Can scientific misconduct derail big data?

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Scientists have a tough enough job trying to make a superstitious and paranoid public face reality.

And over the last 10 years, the number of retracted scientific papers increased tenfold, which won't help their cause when they try to get the world to believe what big data analytics are telling them.

This would be fine if they were retracted because better data or better processes proved them incorrect or inconclusive. Unfortunately, most were retracted because they were either purposely fraudulent or plagiarized, according to a New York Times article in October citing research from the journal Nature.  

Another study published in the Proceedings of the National Academy of Sciences, found that of 2,047 retracted papers in the biomedical and life sciences fields, three-quarters were retracted for misconduct.

Is it any wonder that climate change deniers find a receptive audience to their claims that the science is "unsettled" and there is no consensus on anthropogenic climate change. What does that portend for data scientists?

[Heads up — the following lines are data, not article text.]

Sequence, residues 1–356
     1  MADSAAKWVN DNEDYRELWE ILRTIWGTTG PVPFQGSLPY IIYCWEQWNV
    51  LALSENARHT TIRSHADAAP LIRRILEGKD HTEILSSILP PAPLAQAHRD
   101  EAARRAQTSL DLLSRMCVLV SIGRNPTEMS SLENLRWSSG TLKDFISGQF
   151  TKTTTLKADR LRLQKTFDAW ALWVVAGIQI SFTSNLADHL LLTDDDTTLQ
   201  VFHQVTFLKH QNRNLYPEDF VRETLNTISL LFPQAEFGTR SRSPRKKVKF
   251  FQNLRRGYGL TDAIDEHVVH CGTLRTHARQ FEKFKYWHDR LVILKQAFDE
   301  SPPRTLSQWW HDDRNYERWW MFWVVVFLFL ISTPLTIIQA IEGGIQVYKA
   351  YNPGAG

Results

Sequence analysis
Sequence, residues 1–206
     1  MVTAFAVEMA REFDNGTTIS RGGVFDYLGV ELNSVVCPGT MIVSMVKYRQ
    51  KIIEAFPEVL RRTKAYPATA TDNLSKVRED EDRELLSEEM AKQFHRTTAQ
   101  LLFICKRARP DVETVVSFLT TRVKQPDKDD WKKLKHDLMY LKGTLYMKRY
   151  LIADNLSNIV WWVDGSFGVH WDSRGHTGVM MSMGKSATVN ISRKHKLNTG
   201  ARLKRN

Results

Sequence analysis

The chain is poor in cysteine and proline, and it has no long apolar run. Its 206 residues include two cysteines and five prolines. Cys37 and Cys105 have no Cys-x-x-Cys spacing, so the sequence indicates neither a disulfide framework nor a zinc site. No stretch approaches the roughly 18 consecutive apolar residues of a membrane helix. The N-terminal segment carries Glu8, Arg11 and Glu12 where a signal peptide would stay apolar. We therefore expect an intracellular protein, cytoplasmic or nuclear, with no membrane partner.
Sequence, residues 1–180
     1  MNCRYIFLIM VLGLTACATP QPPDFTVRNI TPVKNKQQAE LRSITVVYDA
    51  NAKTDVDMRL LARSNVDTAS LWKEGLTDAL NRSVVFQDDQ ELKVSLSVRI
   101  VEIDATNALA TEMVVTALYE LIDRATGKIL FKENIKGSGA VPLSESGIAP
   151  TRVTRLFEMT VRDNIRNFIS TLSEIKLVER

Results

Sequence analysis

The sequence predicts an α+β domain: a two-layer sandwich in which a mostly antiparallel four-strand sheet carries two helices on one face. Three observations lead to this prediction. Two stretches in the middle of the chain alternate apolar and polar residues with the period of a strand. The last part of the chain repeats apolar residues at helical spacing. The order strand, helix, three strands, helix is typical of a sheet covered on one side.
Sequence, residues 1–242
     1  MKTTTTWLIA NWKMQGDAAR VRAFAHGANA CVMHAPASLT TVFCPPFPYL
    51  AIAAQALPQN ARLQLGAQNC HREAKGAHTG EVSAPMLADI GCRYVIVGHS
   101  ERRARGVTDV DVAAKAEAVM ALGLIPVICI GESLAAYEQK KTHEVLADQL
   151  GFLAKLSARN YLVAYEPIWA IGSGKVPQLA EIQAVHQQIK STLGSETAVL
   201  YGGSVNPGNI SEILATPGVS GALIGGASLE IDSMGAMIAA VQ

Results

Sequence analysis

In The Atlantic this month, Edward Tenner, a historian of technology and culture, says big-data-powered science has an Achilles heel: software defects.

These defects could undermine the credibility of data science as much as fraud has. In fact, they too have been the cause of retracting published scientific papers. Tenner cited an example from the Department of Molecular Biology at the Scripps Research Institute, in which a hand-written program flipped two columns of data and inverted an electron-density map, causing several papers to be retracted from the journal Science.

He also cites sources who say that research conducted with corrupted software is a common occurrence.

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